In the novel The Underground Railroad, such a phenomenon is accurately described, “But nobody wanted to speak on the true disposition of the world…Truth was a changing display in a shop window, manipulated by hands when you weren’t looking, alluring and ever out of reach” (Whitehead 143). The pretense of racism not existing in the light of evidence of its devastating consequences has nothing but a derogatory effect to prevent it from being a recurrent issue.

The most typical exemplification of racial issues can be seen in social behavior. Racism exists both in institutions and personal prejudices. However, in most communities, outright racism is condemned or illegal; therefore, people begin to exhibit it covertly.

This happens subconsciously, as the societal way of thought has been embedded into behavior since childhood. Such daily behaviors and verbal interaction is a psychological concept that is essentially a clandestine expression of racism as racial groups are insulted and degraded. These may have a basis in the national origin, education, culture values, criminality, or even competency (Sehgal).

A prominent example, which is also evidence of institutionalized racism, is the recent spike in police violence against African-Americans. The disproportionate police intervention including racial minorities, and, consequently, their imprisonment is unjustifiable. The whole concept of the racial, social construct has pragmatic evidence here, as a racial profile is established around the black community. News and media outlets aid in this by showing a biased perspective of African-Americans as either involved or associated with criminality.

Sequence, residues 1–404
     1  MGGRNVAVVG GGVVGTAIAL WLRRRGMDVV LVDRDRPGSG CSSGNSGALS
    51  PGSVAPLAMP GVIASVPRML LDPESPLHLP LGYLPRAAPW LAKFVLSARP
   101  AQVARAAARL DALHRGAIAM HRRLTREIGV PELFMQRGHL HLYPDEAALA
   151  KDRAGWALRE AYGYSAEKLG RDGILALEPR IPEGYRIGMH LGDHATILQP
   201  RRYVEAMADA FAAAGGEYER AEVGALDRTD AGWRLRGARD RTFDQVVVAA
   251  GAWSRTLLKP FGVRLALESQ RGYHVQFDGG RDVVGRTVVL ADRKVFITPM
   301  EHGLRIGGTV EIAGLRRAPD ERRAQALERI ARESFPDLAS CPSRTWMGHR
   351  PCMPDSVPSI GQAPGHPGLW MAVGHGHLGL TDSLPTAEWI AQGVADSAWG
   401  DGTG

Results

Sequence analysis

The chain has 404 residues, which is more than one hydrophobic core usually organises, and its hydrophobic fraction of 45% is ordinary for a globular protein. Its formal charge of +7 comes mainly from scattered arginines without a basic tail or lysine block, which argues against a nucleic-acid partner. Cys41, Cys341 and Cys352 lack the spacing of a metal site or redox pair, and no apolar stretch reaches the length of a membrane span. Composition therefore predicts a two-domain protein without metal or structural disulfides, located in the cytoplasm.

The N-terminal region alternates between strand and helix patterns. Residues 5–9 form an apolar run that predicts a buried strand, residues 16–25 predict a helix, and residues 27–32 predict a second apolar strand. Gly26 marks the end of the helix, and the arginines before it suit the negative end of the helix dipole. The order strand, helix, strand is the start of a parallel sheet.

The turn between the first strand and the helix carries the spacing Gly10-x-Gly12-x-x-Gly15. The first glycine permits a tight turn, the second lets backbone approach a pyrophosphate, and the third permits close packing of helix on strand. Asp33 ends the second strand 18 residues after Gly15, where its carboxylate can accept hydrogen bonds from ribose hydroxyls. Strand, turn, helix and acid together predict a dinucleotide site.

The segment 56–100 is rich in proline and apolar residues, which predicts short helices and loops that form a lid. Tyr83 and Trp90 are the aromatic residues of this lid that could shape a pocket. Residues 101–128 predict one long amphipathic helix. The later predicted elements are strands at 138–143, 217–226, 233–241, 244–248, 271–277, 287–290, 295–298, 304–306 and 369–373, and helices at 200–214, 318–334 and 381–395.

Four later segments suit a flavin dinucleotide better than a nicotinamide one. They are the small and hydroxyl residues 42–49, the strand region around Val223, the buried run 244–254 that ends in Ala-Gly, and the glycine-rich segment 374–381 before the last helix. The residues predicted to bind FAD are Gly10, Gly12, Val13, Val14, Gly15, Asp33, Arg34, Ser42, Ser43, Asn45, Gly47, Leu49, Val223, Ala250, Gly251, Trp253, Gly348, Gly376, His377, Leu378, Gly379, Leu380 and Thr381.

Consequently, society begins to exhibit prejudice and fear, in turn, leading to a conflict based on irrationality, creating a social crisis. Claudia Rankine frankly identifies this concept in her prose, “because white men can’t police their imagination, black people are dying” (135).

With the result of recent elections, racial tensions began to emerge. The new leadership despite its promises to unite the nation has done only the opposite to address issues facing minorities. Polls show that the majority of African-Americans think race relations are at a low point and only getting worse. There are obvious schisms in the perception of social justice amongst races. Obama at one point stated, “we’ve been blind to the way past injustices continue to shape the present” (Sack and Thee-Brenan).

The task to challenge white hegemony which instigates the racial tension begins with an honest conversation. By understanding history and accepting identity, socio-political structures will be morphed to create a truly egalitarian society. Such processes may take generations, but until then, the status quo will persist if people choose to be ignorant to injustice.

Works Cited

Blow, Charles, “New York Times. 2017. Web.

Dickey, Colin. Ghostland: An American History in Haunted Places. Viking, 2016.

King, Michael. ” Abolition Journal. 2017. Web.

Rankine, Claudia. Citizen: An American Lyric. Graywolf Press, 2014.

Sack, Kevin and Megan Thee-Brenan. “New York Times. 2015. Web.

Sehgal, Priya. “American Psychiatric Association. 2016. Web.

Vance, James. “.” National Review. 2016. Web.

Whitehead, Colson. The Underground Railroad. Doubleday, 2016.

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IvyPanda. (2020) 'American Race Relations as a Social Construct'. 14 November.